Labour and Employment Lawyers with Legal expertise + practical business knowledge
Combined, they result in the handling of your labour and employment issues with speed, skill and confidence.
Our clients operate in virtually every sector of the economy, and include some of the world’s largest multi-national companies.
We also represent employers in most major industries in British Columbia, including transportation, retail, information technology, forestry and mining. In the public sector, we represent several municipalities. Our firm also acts for many First Nations and aboriginal employers across British Columbia. We also are frequently retained by senior executives and management to resolve their employment disputes, including wrongful dismissal actions.
The contract of employment has many characteristics that set it apart from the ordinary commercial contract.
Wallace v. United Grain Growers
The contract under consideration here is not a simple commercial exchange in the marketplace of goods and services. A contract of employment is typically of longer term and more personal in nature than most contracts, and involves greater mutual dependence and trust, with a correspondingly greater opportunity for harm or abuse.
Deidal v. Tod Mountain Development Ltd.
An employment relationship is based on contract. However, it is not like purchasing a car — a contract governing a discrete transaction. It is a transitional contract in which each of the employer and employee can reasonably expect more from each other as the relationship continues.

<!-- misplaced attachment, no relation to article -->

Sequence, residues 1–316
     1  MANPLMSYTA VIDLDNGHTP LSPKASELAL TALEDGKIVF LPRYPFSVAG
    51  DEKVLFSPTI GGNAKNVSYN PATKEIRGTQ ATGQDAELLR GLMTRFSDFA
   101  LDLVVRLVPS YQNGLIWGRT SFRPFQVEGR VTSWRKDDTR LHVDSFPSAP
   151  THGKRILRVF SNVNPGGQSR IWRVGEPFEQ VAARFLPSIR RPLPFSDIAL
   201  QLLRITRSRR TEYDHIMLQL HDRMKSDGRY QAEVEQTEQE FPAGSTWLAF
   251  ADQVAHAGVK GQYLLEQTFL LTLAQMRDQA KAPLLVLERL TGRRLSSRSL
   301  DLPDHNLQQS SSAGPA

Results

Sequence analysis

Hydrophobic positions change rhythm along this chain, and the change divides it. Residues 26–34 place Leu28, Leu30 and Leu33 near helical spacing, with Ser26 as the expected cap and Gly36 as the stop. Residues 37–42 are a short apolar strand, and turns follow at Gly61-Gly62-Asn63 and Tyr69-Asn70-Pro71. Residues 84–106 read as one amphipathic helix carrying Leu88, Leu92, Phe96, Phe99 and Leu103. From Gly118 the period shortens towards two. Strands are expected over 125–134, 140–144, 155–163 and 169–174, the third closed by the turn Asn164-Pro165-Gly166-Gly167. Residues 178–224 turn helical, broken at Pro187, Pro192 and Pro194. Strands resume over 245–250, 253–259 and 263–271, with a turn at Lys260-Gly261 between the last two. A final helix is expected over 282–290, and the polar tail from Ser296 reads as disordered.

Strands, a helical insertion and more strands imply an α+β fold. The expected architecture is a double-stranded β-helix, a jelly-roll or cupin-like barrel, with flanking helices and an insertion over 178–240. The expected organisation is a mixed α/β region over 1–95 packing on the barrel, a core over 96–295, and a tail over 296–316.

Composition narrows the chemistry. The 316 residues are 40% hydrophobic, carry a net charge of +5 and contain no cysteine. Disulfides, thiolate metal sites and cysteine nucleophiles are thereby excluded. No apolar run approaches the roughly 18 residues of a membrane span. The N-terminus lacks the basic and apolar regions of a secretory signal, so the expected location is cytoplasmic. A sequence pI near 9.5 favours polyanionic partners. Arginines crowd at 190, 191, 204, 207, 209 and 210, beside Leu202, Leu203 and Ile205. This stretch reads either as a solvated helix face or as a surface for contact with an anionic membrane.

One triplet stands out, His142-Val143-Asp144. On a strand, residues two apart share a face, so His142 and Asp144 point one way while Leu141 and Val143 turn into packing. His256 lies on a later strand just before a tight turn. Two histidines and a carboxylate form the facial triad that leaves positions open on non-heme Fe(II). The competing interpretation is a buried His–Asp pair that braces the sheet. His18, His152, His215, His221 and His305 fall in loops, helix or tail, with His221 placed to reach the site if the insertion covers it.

Ditchburn v. Landis & Gyr Powers Ltd.
Work is one of the most fundamental aspects in a person's life, providing the individual with a means of financial support and, as importantly, a contributory role in society. A person's employment is an essential component of his or her sense of identity, self-worth and emotional well-being.
Reference Re Public Service Employee Relations Act
I begin with the proposition that an employer has a right to determine how his business shall be conducted. He may lay down any procedures he thinks advisable so long as they are neither contrary to law nor dishonest nor dangerous to the health of the employees and are within the ambit of the job for which any particular employee was hired. It is not for the employee nor for the court to consider the wisdom of the procedures.
Stein v. British Columbia Housing Management Commission